A great blog post by brought these three articles to my attention: Less Television and Computer Gaming May Keep Children Slimmer. Granted, this is kind of a “duh,” however, the reason may not be what you think. An Email Free Day I Need a Virtual Break, No, Really. What I find interesting in the last… Continue reading What? Me, Unplug?
In Calling on the Saints, Heather Gemmen Wilson talks about faith, family (both personal and church), love and forgiveness, and all in the context of the aftermath of being raped. I hope every church, including my own (including me, for that matter), can respond in such love to another’s hurt. I would also hope that… Continue reading What About Pain?
In Telephones and What is Good for Us, Randy Cooper writes about the Amish. My big takeaway was this: It took all summer for them to decide whether they would have phones. They finally decided against it. And they had two reasons. First, they knew that if they began to use telephones, they would carry… Continue reading ekklesiaproject.org – Telephones and What is Good for Us
The Archbishop of Canterbury, as I’m sure many are aware, has declared that Sharia law should be officially endorsed in England. Unofficially it is endorsed, but by being officially endorsed there is a huge potential for disaster. However, regardless of the lawful/lawlessness that would result, the fact that the man who is, for all intensive… Continue reading It’s Not Just The Americans, Then?
A politician, like you and me, can be generous only with his own money. A politician spending other people’s money is, at best, implementing sound policies – and, more realistically, much closer to a burglar who “generously” uses part of his booty to buy rounds of drinks for his buddies. Cafe Hayek: Who’s Generous? Don… Continue reading A Take on Generosity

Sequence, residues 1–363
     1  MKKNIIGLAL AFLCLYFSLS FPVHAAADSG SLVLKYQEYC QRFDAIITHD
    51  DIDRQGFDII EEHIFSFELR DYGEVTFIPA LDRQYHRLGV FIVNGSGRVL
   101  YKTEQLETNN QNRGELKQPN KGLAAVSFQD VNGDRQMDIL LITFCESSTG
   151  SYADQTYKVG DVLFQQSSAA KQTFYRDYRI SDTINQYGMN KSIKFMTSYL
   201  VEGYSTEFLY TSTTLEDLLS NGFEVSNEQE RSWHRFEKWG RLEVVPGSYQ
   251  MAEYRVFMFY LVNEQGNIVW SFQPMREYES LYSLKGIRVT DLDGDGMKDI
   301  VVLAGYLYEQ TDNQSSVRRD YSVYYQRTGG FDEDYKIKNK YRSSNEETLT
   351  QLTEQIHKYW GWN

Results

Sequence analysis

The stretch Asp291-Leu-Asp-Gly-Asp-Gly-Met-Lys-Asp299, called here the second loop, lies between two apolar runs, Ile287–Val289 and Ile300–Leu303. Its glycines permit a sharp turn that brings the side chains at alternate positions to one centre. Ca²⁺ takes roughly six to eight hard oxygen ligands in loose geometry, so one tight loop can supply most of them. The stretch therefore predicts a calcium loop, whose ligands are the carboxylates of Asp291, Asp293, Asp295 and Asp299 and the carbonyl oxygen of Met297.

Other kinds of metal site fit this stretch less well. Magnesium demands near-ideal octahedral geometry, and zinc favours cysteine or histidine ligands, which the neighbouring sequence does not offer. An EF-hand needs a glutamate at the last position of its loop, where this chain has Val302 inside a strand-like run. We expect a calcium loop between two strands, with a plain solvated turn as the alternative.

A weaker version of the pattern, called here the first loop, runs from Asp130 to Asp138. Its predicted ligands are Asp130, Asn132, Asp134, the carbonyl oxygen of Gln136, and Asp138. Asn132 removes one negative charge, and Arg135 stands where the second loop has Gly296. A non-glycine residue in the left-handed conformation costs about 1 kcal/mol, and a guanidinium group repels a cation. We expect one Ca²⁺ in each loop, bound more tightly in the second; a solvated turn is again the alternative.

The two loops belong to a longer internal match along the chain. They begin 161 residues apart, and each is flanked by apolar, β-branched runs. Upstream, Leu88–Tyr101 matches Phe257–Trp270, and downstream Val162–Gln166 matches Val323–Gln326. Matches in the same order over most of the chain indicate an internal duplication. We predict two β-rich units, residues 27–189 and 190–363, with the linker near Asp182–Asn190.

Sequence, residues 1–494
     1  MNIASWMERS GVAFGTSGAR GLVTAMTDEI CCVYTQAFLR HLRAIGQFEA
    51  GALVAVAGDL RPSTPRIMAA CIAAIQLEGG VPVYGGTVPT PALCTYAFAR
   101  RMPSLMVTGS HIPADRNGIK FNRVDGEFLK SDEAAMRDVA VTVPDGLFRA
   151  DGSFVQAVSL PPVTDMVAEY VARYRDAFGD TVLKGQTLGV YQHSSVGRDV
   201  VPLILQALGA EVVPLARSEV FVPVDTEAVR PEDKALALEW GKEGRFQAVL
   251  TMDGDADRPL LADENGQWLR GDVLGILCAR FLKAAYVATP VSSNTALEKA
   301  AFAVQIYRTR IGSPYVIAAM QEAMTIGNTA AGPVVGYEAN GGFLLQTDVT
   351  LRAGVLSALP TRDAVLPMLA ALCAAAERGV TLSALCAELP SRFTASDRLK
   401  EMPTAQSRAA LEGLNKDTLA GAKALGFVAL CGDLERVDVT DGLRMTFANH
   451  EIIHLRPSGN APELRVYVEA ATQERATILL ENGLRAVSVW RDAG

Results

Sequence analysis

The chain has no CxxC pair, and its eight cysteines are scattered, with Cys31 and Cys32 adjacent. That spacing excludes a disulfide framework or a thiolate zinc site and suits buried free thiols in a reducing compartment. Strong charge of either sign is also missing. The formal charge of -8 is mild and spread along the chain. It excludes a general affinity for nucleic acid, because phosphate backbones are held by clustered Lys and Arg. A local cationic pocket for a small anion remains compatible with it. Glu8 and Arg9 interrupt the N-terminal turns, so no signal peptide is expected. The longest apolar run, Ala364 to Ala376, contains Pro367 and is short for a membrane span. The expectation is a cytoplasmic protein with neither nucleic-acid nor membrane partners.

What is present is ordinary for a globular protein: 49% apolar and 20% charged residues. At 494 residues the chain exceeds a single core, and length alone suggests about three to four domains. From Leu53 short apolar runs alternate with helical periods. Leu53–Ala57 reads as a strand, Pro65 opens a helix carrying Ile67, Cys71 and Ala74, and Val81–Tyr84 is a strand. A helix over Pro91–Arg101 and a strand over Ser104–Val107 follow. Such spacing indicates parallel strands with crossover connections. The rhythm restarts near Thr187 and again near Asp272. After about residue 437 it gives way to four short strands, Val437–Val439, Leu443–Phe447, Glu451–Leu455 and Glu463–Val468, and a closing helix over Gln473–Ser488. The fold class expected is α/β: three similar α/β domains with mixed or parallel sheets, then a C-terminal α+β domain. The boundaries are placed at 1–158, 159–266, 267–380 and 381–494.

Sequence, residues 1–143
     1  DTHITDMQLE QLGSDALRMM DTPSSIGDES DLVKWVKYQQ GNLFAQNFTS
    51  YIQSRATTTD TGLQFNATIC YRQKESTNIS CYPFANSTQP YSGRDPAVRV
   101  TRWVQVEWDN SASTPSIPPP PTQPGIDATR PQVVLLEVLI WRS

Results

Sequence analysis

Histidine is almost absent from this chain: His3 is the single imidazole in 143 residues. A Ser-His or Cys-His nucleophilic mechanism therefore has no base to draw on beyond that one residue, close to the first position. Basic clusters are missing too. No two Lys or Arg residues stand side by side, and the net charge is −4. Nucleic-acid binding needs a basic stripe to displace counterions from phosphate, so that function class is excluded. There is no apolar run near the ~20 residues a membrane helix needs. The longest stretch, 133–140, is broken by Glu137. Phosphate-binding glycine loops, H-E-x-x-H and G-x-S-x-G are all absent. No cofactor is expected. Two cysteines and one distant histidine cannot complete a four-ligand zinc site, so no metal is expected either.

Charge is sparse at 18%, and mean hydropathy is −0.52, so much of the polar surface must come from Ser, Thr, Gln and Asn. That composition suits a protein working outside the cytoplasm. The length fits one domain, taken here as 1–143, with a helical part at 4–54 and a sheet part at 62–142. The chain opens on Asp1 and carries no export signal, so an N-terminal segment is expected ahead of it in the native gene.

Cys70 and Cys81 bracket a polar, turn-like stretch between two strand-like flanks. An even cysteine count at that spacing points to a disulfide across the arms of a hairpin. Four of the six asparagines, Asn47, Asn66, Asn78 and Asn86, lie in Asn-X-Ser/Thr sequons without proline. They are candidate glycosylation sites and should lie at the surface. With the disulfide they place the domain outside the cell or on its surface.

Father Edward T. Oakes has written an awesome piece on the First Things blog, Atheism and Violence. It is a long hard read, but very worthwhile. This addresses a number of posts I’ve made, most recently in The Chickens are Coming Home to Roost, and should, I think address Allen’s point in his comment on… Continue reading Atheism and Violence
…most Christians do not understand what they believe, why they believe it, and why it matters. How can a Christianity that is not understood be practiced? Unity in Diversity Chuck Colson, no matter how you may feel about him and his past, has made an excellent point here. This goes directly toward the heart of… Continue reading What DO We Believe?
Lou Braun writes: I have had some negative experiences with Christians as well, but what I have found liberating is not focusing on people who claim to follow Jesus, but rather look to follow Jesus myself. A lot of people hate religion, maybe even church, but I donâ€™t know many who despise Jesus. I don’t… Continue reading Don’t Look at Me; Look At HIM
David Brickner’s latest article, Jesus and His People, is a good mirror, from a Messianic Jewish perspective, of evangelical Christians.
Rick Warren often strikes me as a tad shallow. However, I am beginning to understand his point of view, somewhat. In this interview in Christian Today, he speaks about how the split in perspective between the two churches has hurt both, and by default the mission of Christ. This dovetails nicely into a little cartoon… Continue reading The Divide Between “Mainline” and “Evangelical” Needs to be Bridged